It was a little tricky making some passes, but that was mainly because one of my hands was under the jig, holding the trigger down.
But my framing square shows it all - the board now has a straight edge.
So this proof of concept shows that a hand planer can definitely be used as a jointer.
There are several things to not from my proof of concept. The height of this jig is the height of the planer. For the most part it stays in place because the top of the handle is resting on my work table.
But since the handle is round it did shift a little, making the boot uneven with the bench top.
So I'll have to figure out a better way to mount it.
So I went to work building a better version. For this I'll be using some scrap plywood. I marked the sizes of the pieces I want to cut...
...then I made the cuts on the table saw.
Then some of the pieces received pocket holes....
...and then I began assembly connecting the sides to the bottom with pocket screws.
Next came some cross members on the top...
Then I removed the bench top from the proof of concept and fit the hand planer and new jig on top.
I marked the position of the sides and cross members so that I could flip it over, glue it, and attach the top with screws.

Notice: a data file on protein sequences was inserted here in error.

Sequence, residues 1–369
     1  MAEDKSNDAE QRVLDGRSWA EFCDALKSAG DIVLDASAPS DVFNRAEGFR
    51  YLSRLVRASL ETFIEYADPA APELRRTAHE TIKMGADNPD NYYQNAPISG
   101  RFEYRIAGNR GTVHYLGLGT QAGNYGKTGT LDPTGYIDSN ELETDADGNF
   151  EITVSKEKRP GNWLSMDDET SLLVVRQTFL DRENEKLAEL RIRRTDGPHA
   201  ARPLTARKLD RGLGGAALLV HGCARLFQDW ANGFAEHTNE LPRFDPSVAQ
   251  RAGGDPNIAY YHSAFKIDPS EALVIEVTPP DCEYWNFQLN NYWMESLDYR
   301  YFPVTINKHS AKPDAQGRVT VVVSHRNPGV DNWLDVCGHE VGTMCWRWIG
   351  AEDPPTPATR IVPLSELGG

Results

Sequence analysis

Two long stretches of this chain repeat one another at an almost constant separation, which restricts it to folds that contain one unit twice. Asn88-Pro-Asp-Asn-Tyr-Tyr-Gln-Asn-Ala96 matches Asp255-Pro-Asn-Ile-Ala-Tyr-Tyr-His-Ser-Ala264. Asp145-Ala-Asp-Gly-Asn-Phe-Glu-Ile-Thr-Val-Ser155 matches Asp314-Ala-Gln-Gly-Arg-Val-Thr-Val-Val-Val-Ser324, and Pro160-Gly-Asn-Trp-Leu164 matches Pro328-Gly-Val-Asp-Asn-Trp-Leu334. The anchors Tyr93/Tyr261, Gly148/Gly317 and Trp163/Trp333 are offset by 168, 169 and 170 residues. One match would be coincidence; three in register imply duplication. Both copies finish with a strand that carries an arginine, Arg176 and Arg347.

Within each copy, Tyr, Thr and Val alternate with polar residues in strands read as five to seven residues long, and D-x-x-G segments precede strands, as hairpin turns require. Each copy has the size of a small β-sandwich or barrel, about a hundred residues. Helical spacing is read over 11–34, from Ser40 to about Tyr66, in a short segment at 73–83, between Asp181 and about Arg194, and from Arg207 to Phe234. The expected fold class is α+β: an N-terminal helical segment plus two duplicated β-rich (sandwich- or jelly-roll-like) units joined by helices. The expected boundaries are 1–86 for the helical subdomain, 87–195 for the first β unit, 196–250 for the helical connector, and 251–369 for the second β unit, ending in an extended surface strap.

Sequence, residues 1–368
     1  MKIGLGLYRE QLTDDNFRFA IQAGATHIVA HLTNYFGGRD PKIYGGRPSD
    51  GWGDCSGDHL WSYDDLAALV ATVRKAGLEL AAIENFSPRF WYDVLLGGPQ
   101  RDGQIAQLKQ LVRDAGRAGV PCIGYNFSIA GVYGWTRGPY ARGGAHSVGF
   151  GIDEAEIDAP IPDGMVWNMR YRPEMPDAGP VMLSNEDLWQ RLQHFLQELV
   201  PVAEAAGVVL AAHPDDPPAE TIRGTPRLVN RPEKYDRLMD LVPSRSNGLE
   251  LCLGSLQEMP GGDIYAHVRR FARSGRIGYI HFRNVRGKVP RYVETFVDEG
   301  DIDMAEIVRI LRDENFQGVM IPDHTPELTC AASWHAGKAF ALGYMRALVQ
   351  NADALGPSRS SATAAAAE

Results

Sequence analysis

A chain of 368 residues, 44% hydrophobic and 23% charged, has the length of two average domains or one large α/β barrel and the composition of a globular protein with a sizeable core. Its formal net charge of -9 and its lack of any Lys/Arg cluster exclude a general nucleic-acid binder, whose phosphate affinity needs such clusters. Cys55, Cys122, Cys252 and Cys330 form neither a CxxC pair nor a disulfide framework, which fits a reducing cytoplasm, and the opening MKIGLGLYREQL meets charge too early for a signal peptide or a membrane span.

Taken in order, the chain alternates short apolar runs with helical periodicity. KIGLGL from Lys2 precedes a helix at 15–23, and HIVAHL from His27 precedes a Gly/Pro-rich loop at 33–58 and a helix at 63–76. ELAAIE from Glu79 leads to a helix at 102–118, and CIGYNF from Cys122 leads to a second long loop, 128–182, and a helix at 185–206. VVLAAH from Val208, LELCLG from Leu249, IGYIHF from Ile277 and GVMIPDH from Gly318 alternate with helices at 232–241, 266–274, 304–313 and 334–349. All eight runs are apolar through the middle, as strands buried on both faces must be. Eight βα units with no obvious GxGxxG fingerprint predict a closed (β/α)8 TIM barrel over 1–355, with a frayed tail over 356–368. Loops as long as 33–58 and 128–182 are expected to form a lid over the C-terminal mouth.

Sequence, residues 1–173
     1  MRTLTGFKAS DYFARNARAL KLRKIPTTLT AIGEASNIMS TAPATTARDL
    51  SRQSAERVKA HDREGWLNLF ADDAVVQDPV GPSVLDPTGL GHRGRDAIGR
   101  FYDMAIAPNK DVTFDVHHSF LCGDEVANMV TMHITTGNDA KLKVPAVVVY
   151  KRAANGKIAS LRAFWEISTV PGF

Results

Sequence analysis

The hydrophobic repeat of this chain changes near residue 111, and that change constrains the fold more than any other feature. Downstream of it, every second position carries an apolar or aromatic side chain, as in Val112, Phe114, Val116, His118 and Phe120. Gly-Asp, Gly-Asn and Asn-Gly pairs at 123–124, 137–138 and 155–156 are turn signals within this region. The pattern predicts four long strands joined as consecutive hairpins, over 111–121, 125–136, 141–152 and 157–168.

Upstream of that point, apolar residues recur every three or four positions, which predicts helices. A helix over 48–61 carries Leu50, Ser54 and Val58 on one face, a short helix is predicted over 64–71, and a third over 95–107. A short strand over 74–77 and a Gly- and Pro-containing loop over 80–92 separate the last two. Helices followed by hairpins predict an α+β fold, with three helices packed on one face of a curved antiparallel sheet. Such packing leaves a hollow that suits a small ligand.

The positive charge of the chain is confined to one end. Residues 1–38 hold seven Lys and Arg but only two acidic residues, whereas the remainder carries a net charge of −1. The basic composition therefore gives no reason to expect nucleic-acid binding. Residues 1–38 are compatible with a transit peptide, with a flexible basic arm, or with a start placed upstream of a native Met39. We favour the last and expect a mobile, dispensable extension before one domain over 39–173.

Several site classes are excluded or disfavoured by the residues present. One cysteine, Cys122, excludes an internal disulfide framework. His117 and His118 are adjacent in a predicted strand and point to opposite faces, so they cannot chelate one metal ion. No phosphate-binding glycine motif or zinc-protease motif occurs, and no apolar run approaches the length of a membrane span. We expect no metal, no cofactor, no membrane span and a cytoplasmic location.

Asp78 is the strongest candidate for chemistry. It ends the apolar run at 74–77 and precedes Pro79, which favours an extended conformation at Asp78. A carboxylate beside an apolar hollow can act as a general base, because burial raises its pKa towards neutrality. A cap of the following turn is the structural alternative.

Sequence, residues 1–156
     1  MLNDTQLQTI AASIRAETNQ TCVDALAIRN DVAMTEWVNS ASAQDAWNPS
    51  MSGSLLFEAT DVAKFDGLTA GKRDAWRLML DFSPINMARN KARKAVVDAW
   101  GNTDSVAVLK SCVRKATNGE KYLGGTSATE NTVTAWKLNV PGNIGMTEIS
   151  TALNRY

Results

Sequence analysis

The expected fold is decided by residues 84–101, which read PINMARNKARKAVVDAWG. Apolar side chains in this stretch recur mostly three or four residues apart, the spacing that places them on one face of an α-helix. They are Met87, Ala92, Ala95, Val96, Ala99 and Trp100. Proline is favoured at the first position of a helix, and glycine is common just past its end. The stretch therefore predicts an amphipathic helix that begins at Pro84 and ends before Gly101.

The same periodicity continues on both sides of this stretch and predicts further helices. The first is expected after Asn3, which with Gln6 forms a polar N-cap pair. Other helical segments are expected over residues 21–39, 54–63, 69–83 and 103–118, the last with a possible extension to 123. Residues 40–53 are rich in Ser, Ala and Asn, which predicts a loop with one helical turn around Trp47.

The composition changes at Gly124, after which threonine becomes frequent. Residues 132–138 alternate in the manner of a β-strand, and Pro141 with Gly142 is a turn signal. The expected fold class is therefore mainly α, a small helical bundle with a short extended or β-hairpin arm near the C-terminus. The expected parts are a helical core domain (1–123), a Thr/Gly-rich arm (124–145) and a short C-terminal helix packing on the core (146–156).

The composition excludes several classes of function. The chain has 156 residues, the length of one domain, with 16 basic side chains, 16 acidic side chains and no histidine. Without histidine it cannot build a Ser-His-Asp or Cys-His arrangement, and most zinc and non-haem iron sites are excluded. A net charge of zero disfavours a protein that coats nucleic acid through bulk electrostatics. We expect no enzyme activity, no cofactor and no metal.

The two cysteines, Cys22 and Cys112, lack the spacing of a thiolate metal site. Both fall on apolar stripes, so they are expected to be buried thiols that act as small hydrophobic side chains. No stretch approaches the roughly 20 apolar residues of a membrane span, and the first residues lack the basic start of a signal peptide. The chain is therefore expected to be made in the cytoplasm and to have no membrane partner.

Lastly I added some bottom supports with glue and nails.
I still have yet to figure out a really good jig for keeping the hand planer in place. But a couple of metal brackets and screws sure holds it in place nicely.
I also put a zip tie around the trigger so I wouldn't have to hold it while planing.
Then I flipped it over, and drew arrows so I remember which direction the wood goes.
Next I used the same fence as before, also screwed in place. Since 90% of the time I use .75" thick wood, I do not need to move the fence. And if I do, it's just held in place with 2 screws.
To test out this new jig, I used some scrap plywood from the proof of concept.
2 passes on the jointer cleaned up that edge nicely!
And the edge is squarely flush with my worktable top.
Lastly I drew all over the top...
...and I also connected a power strip with an ON/OFF switch to the side of the jig, making it easier that constantly plugging in the power cord of the hand planer when needed.
The first 2 jigs are great, as I've said before. But I have a feeling I might be using this bench top router jig more often.
Thanks for reading!